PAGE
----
The regulatory authorities issue, from time to time, non-binding guidance and recommendations in their respective areas of expertise, for example, the FSTEC publishes from time to time information notices and analytics (accessible in Russian here). The Ministry also issues guidance and clarifications, in particular on personal data localisation and other regulations in the sphere of data protection (accessible in Russian here). Additional guidance and clarifications on data protection may be issued by the Roskomnadzor from time to time (accessible in Russian here).
2. SCOPE OF APPLICATION
Most requirements apply only to Russian legal entities. At the same time, a foreign company without legal presence in Russia may be subject to some Russian law requirements (e.g. the personal data localisation requirement) if its activities are targeted towards Russia. There are no clear criteria how such targeting shall be determined. With respect to the services provided via online platforms, the Ministry, the Roskomnadzor, and Russian courts have adhered to a virtual presence approach.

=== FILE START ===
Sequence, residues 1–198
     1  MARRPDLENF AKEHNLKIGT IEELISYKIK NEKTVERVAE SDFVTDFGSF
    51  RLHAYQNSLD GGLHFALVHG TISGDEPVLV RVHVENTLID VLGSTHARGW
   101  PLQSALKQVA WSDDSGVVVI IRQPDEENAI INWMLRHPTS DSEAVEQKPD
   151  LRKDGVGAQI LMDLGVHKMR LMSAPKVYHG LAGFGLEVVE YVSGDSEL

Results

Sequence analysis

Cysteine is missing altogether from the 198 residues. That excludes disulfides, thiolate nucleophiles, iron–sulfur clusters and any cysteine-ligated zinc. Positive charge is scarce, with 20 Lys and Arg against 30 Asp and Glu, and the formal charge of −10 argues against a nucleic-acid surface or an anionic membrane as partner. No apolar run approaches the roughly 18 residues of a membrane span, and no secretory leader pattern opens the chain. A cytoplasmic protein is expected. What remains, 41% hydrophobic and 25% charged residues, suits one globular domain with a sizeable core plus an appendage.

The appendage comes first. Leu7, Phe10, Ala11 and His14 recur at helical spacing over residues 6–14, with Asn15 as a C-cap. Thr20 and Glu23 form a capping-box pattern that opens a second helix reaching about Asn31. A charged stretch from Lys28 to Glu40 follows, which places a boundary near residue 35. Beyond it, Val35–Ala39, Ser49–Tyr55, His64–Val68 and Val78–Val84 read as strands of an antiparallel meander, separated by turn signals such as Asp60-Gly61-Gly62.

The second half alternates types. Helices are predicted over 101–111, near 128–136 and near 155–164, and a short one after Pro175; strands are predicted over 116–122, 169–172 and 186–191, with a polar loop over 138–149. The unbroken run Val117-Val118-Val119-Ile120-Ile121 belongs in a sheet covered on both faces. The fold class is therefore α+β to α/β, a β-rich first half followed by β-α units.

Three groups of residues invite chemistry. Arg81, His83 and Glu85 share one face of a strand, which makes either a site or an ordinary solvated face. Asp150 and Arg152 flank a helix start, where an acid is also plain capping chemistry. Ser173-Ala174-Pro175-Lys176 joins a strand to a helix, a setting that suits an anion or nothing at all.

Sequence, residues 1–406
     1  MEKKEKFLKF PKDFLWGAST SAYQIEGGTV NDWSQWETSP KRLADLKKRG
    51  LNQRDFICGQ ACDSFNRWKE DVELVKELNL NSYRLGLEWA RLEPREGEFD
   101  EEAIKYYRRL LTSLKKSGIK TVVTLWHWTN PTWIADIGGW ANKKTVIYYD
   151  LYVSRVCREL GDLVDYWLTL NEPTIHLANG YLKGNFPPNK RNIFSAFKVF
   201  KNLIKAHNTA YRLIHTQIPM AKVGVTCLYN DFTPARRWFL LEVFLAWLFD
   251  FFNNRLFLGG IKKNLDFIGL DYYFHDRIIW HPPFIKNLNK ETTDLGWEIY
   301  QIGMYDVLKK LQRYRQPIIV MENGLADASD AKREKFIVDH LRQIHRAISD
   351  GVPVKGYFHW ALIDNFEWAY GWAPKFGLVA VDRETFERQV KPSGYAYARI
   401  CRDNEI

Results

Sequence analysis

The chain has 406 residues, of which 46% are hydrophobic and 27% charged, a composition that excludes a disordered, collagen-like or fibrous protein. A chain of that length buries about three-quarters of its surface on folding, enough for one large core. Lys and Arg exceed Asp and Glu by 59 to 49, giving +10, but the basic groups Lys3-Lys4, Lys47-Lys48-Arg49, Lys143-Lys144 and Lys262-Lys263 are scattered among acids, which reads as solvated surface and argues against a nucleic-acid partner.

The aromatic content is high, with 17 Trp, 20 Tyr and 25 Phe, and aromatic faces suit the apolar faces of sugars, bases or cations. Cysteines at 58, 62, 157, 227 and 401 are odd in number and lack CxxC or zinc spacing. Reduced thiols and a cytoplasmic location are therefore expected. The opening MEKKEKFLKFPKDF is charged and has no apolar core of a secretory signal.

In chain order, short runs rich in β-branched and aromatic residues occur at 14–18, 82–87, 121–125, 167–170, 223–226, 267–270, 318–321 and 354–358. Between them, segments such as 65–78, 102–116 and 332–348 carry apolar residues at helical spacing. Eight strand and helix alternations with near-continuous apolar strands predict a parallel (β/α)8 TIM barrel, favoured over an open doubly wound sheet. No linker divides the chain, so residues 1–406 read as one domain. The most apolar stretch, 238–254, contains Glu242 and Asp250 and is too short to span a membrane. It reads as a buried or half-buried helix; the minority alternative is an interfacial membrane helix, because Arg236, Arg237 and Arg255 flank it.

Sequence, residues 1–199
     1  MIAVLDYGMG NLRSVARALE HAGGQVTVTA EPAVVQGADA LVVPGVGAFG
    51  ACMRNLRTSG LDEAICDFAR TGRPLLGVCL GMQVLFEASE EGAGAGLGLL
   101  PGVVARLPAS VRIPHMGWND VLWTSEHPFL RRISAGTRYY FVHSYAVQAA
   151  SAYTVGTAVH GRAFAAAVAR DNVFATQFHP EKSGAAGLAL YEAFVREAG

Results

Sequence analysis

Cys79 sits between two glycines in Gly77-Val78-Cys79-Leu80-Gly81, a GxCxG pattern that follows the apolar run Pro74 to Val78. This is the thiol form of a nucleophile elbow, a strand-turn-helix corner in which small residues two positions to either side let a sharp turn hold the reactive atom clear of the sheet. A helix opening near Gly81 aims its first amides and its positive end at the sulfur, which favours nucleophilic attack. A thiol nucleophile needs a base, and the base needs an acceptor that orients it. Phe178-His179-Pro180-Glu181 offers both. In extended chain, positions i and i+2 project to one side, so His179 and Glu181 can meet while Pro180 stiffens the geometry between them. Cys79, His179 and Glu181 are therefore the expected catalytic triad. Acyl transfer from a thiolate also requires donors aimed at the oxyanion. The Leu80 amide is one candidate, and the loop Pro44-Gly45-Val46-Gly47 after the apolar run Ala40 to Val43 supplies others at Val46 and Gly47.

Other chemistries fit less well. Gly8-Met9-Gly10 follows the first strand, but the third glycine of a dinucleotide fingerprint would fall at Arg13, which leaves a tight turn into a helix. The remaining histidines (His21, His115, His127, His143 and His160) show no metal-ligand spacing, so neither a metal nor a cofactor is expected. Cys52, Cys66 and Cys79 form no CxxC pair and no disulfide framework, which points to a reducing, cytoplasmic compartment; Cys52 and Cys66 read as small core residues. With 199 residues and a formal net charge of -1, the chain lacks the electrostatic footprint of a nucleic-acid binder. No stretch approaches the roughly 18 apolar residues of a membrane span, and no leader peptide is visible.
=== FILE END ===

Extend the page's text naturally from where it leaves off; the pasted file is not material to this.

The following criteria are usually used (individually or in combination) to confirm that the business activities of foreign entities are targeted to Russia:
- all activities conducted through a Russian ccTLD domain, namely .RU, as well as .РФ and .SU domain zones;
- the online platform has a Russian version;
- the online platform provides a possibility of conclusion and performance of contracts with Russian residents;
- the online platform provides a possibility to conduct payments in Russian rubles;
- adverts of the online platform are distributed in Russian; and
- the online platform provides Russian-based contact details (phone numbers, postal addresses, emails, etc.).